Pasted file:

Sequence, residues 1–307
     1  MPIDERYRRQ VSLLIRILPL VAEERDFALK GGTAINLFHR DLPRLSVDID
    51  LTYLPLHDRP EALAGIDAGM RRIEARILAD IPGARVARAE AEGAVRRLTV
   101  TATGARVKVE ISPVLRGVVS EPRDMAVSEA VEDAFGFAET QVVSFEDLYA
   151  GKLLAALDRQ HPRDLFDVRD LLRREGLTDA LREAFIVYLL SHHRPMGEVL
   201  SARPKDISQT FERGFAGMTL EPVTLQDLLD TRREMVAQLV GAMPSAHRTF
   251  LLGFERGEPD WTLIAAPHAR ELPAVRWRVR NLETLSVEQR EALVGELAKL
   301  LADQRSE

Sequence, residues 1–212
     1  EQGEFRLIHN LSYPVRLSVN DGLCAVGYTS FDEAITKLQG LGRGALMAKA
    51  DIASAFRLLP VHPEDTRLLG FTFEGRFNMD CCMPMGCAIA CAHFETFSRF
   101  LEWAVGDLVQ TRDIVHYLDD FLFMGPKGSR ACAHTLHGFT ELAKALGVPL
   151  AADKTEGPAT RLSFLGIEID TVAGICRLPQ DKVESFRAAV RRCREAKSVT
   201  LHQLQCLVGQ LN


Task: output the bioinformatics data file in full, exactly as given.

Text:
Sequence, residues 1–307
     1  MPIDERYRRQ VSLLIRILPL VAEERDFALK GGTAINLFHR DLPRLSVDID
    51  LTYLPLHDRP EALAGIDAGM RRIEARILAD IPGARVARAE AEGAVRRLTV
   101  TATGARVKVE ISPVLRGVVS EPRDMAVSEA VEDAFGFAET QVVSFEDLYA
   151  GKLLAALDRQ HPRDLFDVRD LLRREGLTDA LREAFIVYLL SHHRPMGEVL
   201  SARPKDISQT FERGFAGMTL EPVTLQDLLD TRREMVAQLV GAMPSAHRTF
   251  LLGFERGEPD WTLIAAPHAR ELPAVRWRVR NLETLSVEQR EALVGELAKL
   301  LADQRSE

Sequence, residues 1–212
     1  EQGEFRLIHN LSYPVRLSVN DGLCAVGYTS FDEAITKLQG LGRGALMAKA
    51  DIASAFRLLP VHPEDTRLLG FTFEGRFNMD CCMPMGCAIA CAHFETFSRF
   101  LEWAVGDLVQ TRDIVHYLDD FLFMGPKGSR ACAHTLHGFT ELAKALGVPL
   151  AADKTEGPAT RLSFLGIEID TVAGICRLPQ DKVESFRAAV RRCREAKSVT
   201  LHQLQCLVGQ LN